Hoarding disorder affects one in 50 people and can pose dangers to the individual living in the home and the entire neighborhood. It is important to differentiate between a neighbor who is messy and one who suffers from hoarding disorder. Hoarding behavior has harmful effects on the person and their family members, including social, financial, physical, emotional, and legal consequences. Hoarding can also increase the risk of fire and pose a threat to the safety of firefighters and the rest of the neighborhood. If you believe your neighbor is hoarding, it is important to react with compassion and consider contacting the landlord if they are renting their residence.
While it’s believed that one in 50 people suffer from compulsive hoarding, one in every 20 might be impacted by it.
If not addressed, a hoarding disorder can have adverse effects on multiple areas of their lives. Even if you aren’t personally affected by the hoarding disorder, you may live near someone who is. Hoarder houses can be a blight on the neighborhood, but, more importantly, they pose a danger to the individual living in the home and the entire neighborhood.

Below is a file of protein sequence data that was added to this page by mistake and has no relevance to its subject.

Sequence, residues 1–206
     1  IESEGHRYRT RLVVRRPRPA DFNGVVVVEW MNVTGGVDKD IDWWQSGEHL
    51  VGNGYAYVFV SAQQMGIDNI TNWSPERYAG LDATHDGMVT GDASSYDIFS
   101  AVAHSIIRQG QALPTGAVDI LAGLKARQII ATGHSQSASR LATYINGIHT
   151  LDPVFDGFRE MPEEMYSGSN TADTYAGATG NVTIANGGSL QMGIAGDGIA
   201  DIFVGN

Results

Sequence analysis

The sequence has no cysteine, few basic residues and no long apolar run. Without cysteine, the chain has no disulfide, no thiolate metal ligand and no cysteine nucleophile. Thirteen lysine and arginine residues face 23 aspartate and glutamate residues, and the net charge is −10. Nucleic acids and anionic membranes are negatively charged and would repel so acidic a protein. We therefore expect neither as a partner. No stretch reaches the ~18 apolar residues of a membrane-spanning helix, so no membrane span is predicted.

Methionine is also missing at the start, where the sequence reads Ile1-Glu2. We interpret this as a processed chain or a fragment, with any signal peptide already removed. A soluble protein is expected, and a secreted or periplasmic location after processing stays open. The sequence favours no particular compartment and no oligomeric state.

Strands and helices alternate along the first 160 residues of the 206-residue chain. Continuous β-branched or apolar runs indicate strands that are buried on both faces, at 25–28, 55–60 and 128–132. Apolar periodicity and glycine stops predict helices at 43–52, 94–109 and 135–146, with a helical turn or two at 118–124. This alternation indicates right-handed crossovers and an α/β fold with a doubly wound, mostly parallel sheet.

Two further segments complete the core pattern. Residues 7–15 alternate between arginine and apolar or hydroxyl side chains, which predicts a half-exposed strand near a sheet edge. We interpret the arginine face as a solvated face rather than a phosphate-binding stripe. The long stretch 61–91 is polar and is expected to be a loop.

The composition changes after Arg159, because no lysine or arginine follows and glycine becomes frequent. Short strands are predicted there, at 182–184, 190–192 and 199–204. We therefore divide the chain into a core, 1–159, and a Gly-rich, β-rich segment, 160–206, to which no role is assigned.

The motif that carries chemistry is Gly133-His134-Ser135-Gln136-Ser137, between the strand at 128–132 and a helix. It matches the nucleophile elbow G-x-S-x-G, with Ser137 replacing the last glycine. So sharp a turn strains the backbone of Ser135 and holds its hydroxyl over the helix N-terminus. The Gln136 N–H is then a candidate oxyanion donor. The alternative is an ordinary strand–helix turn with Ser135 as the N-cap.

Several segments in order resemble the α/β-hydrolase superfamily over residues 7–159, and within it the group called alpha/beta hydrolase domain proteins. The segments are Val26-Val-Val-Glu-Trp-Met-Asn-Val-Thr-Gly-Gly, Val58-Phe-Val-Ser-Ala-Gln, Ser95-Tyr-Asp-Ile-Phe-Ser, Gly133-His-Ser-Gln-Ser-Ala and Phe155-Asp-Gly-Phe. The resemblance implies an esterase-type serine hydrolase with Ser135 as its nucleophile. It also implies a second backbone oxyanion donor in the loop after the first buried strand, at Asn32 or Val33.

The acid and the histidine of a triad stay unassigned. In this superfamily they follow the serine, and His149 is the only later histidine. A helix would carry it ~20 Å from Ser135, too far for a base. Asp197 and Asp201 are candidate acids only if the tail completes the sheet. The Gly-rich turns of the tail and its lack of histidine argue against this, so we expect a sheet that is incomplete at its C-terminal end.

It’s important to remember to always be respectful when attempting to navigate a situation with someone who has a hoarding disease. This guide will go over what you need to know about what you should do if you live by someone who has a hoarding issue.
It’s important to differentiate between a neighbor who’s messy and one who suffers from a hoarding disorder. When someone has a hoarding disorder, they have continual difficulty parting with or getting rid of possessions due to them thinking they need to save every item. When they try to get rid of those possessions, they have considerable distress.
A hoarder will save random items and keep them in their house with no structured organization. The clutter that ensues disrupts their ability to utilize their work or living spaces. Sometimes these individuals feel safer when they’re surrounded by the items they save.
Hoarding behavior typically has harmful effects for the person and their family members, including:
This is different from the neighbor that puts trash bags out on the street instead of in their garbage can. It’s also different than the neighbor that puts dirty dishes out on their porch instead of taking them inside to clean them. While their conduct could be in violation of community association rules, it’s not the same as having a psychological disorder.